Nate Catbagan, Life Coach
A renowned Dutch painter named Piet Mondrian once stated that, “Art is not made for anybody and is, at the same time, for everybody.” Many people communicate their individual life experiences and stories through art. Each have their our own unique ways of sharing them. Whether that be through creative writing, photography, singing, dancing, cooking, design, or other various artistic mediums. Their creativity forms a connection to people’s lives. For some it is a means of expressing ideas. And, others it is a way of saying, “This is who I am.” Those with developmental and intellectual disabilities may also find art as a significant means to express themselves. It is through art that people make connections to others and create meaningful experiences, including those with autism.
Autism spectrum disorder (ASD) or autism in general is an impairment in the growth and development of the brain. People with autism may often have, “difficulties in social interaction, verbal and nonverbal communication and repetitive behaviors.” (“What is Autism?” 1) Those who do exceptionally well in one particular ability above normalcy can be referred to as having savant syndrome which is closely associated with ASD. A definite diagnosis is made at the age of three and is found more commonly among boys. The cause of autism is still not completely known, but there are certain factors such as genetic risk genes, childhood vaccines, and environmental factors that are a big part of autism. However, despite the disability people with autism often discover a way to cultivate or nurture a skill that they find great interests in. For instance, artists with autism are able to communicate what they cannot verbally through visual representations.
In the book, Integrating Art into Early Intervention Treatment, it mentions that “art is an interesting crossroads for children with ASD because it is an activity in which strengths (visual learners, sensory interests) and deficits (imagination, need for sensory control) merge.” (1) Many artists with autism are able to open themselves up to others through their art work and it demonstrates a reflection of their own personal development. This universal language allows for further increasing strengths such as processing details and focused attention. And at the same time it also provides areas that need growth or improvement such as communication skills. As artists with autism seek this as a creative outlet it gives others a visual glimpse of their minds at work. In turn, these creative geniuses become empowered more than ever.
For instance, a current visual artist who has inspired many to see pass his disability is twenty six year old Tim Sharp. Sharp was diagnosed at a young age and his mother was told that he would be institutionalized. His mother did not allow that to happen. She was able to help him find his interest through self-expression. He is the creator of Laser Beak Man, a fictional character that is a superhero who looks like a bird with a cape. Most of Sharp’s work has this personalized character in it with cowboys and farm animals. Everything about his art is playful, vibrantly colored, lively, humorous, and at times almost a little over the edge. The work is ingenious and witty because the illustrations can be a play on words such as the piece called Batman where Laser Beak Man is actually handing Batman the superhero a bat. Or the piece called Picking Up Chicks where Laser Beak Man is literally picking up baby chickens. To hear Sharp’s inspiring story of how he found art as a means to bring light to his life and others is astounding. Art not only provided a sense of happiness for Sharp, but affected him by bringing insight, improvements, and independence in his life. It gave him insight on how to evoke his own challenges and find the joy in them. It allowed for improvement in skills such as being more social and outspoken about something he is so passionate about. Most of all art has given him freedom and independence to create a business for himself. All of this has not only empowered him to excel in his natural ability, but given others the chance to understand the importance of supporting artists with autism. These opportunities have allowed others to be educated in a creative sense.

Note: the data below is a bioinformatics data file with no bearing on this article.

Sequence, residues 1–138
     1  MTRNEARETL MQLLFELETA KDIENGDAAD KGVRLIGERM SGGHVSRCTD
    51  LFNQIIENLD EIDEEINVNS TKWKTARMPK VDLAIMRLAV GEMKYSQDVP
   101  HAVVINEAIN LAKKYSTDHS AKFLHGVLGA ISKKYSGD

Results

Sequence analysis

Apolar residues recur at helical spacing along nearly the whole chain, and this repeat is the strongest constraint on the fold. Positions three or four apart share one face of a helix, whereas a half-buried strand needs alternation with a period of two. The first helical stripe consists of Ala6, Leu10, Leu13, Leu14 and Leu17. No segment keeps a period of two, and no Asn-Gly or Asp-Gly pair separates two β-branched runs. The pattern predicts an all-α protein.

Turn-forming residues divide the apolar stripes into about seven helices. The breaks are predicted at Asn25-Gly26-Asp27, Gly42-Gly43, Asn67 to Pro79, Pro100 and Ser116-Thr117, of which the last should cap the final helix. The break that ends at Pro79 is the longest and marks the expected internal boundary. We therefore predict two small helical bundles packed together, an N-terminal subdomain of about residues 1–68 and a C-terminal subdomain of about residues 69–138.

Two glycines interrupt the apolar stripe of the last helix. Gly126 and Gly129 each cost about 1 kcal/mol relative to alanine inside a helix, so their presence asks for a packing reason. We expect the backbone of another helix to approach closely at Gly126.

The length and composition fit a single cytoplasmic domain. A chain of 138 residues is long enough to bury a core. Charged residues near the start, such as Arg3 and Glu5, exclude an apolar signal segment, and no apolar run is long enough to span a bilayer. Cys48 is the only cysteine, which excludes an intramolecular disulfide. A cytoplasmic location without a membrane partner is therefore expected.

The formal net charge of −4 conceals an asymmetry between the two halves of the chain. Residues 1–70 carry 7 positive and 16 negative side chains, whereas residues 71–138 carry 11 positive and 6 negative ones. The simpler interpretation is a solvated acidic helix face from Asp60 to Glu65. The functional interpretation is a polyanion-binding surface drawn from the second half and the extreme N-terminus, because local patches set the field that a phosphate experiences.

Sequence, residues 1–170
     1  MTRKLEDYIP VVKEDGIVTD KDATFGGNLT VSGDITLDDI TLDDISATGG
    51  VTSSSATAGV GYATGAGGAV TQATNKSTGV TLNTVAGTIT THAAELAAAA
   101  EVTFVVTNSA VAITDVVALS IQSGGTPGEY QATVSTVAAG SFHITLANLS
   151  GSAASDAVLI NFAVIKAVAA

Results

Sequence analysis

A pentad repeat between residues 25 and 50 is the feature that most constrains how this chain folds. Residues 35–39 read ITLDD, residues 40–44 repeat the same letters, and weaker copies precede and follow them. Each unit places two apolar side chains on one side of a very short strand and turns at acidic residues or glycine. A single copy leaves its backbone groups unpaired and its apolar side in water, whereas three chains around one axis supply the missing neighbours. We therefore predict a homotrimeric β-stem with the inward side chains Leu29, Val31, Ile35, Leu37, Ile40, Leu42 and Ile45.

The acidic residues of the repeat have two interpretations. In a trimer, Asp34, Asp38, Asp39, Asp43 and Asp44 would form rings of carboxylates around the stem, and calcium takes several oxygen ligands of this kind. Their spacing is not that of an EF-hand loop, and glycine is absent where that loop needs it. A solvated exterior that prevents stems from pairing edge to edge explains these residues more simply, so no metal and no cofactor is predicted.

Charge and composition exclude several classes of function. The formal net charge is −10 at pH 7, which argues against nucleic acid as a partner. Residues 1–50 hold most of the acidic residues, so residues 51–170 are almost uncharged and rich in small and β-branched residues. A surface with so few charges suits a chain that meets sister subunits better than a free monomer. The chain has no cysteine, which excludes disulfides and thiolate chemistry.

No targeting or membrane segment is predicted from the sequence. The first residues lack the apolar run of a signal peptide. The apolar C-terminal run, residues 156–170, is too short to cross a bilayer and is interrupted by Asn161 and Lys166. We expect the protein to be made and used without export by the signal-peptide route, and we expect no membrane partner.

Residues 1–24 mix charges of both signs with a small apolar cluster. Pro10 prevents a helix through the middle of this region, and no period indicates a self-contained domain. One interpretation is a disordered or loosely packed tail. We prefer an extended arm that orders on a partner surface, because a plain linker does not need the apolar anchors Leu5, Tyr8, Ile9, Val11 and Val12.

As a life coach at InJOY I have had an incredible journey thus far spending quality time with several members with autism. And when I read about Sharp it automatically made me think of a member in my group. He is also a very clever and precise artist who impresses me when creating a new piece. With him I see the excitement and joy when he expresses himself artistically. An example is when he cuts and pastes construction paper to make images. He takes his time and takes into account every single detail. When he completes his work he amazes me because I am also interested in art. I think that when others see what he is capable of doing others will become inspired. And though my friend may have some limitations it does not limit his creativity. I believe that art is a gift that can be shared among many.
Martin, N. (2009). Integrating Art into Early Intervention Treatment: What it is about kids with
autism that draws them to art. In Art as an early intervention tool for children with autism (p. 28). London: Jessica Kingsley.
Meet Laser Beak Man, the world’s funniest superhero. (2015, June 25). Retrieved July 15, 2015, from https://www.autismspeaks.org/news/news-item/meet-laser-beak-man-world039s-funniest-superhero
Piet Mondrian Quotes. (2011). Retrieved July 15, 2015, from http://www.piet-mondrian.org/piet- mondrian-quotes.jsp
The Connection Between Being Autistic and Being Artistic. (2012, December 18). Retrieved July
15, 2015, from http://www.goodtherapy.org/blog/connection-between-autistic-and-artis tic-1218123
What Is Autism? (2015). Retrieved July 15, 2015, from https://www.autismspeaks.org/what-autism
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